Grasses are the primary plant used in lawns, which themselves derive from grazed grasslands in Europe. They also provide an important means of erosion control (e.g., along roadsides), especially on sloping land.
Grasses have long had significance in human society. They have been cultivated as feed for domesticated animals for up to 10,000 years, and have been used to make paper since the second century AD. Also, the primary ingredient of beer is usually barley or wheat, both of which have been used for this purpose for over 4,000 years.
^Prasad, V.; Stroemberg, C.A.E.; Alimohammadian, H.; Sahni, A. (2005). "Dinosaur Coprolites and the Early Evolution of Grasses and Grazers". Science(Washington) 310 (5751): 1177–1180. doi:10.1126/science.1118806. PMID16293759.Cite uses deprecated parameters (help)
^Prasad V, Strömberg CA, Leaché AD, Samant B, Patnaik R, Tang L, Mohabey DM, Ge S, Sahni A. (2011). Late Cretaceous origin of the rice tribe provides evidence for early diversification in Poaceae. Nat Commun. 2:480. doi:10.1038/ncomms1482PMID 21934664
^Wu ZQ, Ge S (2011) The phylogeny of the BEP clade in grasses revisited: Evidence from the whole-genome sequences of chloroplasts. Mol Phylogenet Evol
The true grasses, family Poaceae (formerly Gramineae), is one of the most speciose plant families, comprising over 10,000 species with a Gondwanan origin approximated at about 80-100 million years ago (although there are fossil specimens that potentially push the origin earlier; Prasad et al. 2011; Vicentini et al. 2008; Stevens 2013).
Distributed world-wide, the true grasses are absent only in parts of Greenland and Antarctica, and are the most economically important group of monocots, as this family includes the true grains, pasture grasses, sugar cane, and bamboo. Species in this family have been domesticated for staple food crops (grains and sugar, for example), fodder for domesticated animals, biofuel, building materials, paper and ornamental landscaping, among other things. Grasslands cover at least 20% of the earth’s surface, although grasses also grow in biomes other than grasslands.
Grasses are primarily wind pollinated, most have dangling anthers. They have hollow stems and grow from the plant base, rather than the tip, as an evolutionary response to predation. Many also protect themselves from predation by secreting silica crystals in their leaves. There are two main kinds of grasses, cool-season (C3) and warm-season (C4) grasses, which are distinct in their means for fixing Carbon. The evolution of C4 fixation has arisen independently in 4 of the 12 currently recognized grass subfamilies; a combination of changes in paleoclimate including temperature, aridness, seasonality are thought to select for new origins of C4 lineages (Vicentini et al. 2008).
Genomic duplications are common in the true grasses, and thought to play important role in the evolution of the group as well as innovations leading to diversification of branches within Poaceae (for example, the evolution of flowers arranged as spikelets).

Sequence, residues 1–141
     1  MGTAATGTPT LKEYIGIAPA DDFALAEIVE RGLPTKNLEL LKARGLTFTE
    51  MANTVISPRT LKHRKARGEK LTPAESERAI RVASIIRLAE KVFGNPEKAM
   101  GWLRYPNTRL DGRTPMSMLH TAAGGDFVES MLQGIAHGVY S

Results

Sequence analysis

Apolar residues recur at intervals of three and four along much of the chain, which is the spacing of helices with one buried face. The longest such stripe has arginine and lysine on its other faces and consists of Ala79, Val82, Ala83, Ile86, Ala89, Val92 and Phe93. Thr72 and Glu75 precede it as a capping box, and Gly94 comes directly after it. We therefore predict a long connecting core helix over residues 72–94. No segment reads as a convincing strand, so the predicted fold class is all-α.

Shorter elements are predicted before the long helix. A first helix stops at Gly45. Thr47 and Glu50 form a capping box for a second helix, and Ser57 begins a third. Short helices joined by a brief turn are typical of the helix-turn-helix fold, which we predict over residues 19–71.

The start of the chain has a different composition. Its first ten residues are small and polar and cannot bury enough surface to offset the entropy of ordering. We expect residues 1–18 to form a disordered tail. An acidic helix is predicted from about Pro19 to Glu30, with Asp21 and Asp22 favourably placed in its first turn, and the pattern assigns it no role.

(The Plant List 2010; Prasad et al. 2011; Stevens 2013; Vicentini et al. 2008; Wikipedia 2013)
The Plant List (2010). Poaceae. Version 1. Retrieved December 16, 2013 from http://www.theplantlist.org/
Prasad V, Strömberg CA, Leaché AD, Samant B, Patnaik R, Tang L, Mohabey DM, Ge S, and Sahni A. 2011. Late Cretaceous origin of the rice tribe provides evidence for early diversification in Poaceae. Nat. Commun. 2:480. doi:10.1038/ncomms1482 PMID 21934664.
Stevens, P. F. (2013). Angiosperm Phylogeny Website. Version 13, November 2013 [and more or less continuously updated since]. Retrieved December 16, 2013 from http://www.mobot.org/MOBOT/Research/APweb/welcome.html#Famlarge.
Vicentini, A., Barber, J. C., Aliscioni, S. S., Giussani, L. M., & Kellogg, E. A. 2008. The age of the grasses and clusters of origins of C4 photosynthesis. Global Change Biol. 14: 1-15.
Wikipedia, The Free Encyclopedia. 13 December, 2013. Poaceae. Retrieved December 16 2013 from http://en.wikipedia.org/w/index.php?title=Poaceae&oldid=585881309.
The following table shows the annual production of cereals in 1961, 2010, 2011, 2012, and 2013 ranked by 2013 production. All but buckwheat and quinoa are true grasses (these two are pseudocereals).
A staple food of people in the Americas, Africa, and of livestock worldwide; often called corn in North America, Australia, and New Zealand. A large portion of maize crops are grown for purposes other than human consumption. It can also be used for indirect human consumption through the production of the Mexican truffle.
The primary cereal of tropical and some temperate regions. Staple food in most of Brazil (both maize and manioc/cassava were once more important and its presence is still stronger in some areas), other parts of Latin America and some other Portuguese-descended cultures, parts of Africa (even more before the Columbian exchange), most of South Asia and the Far East. Largely overridden by breadfruit (a dicot tree) during the South Pacific's part of the Austronesian expansion.
The primary cereal of temperate regions. It has a worldwide consumption but it is a staple food of North America, Europe, Australia, New Zealand, most of the Southern Cone and much of the Greater Middle East. Wheat gluten-based meat substitutes are important in the Far East (albeit less than tofu) and said to resemble meat texture more than others.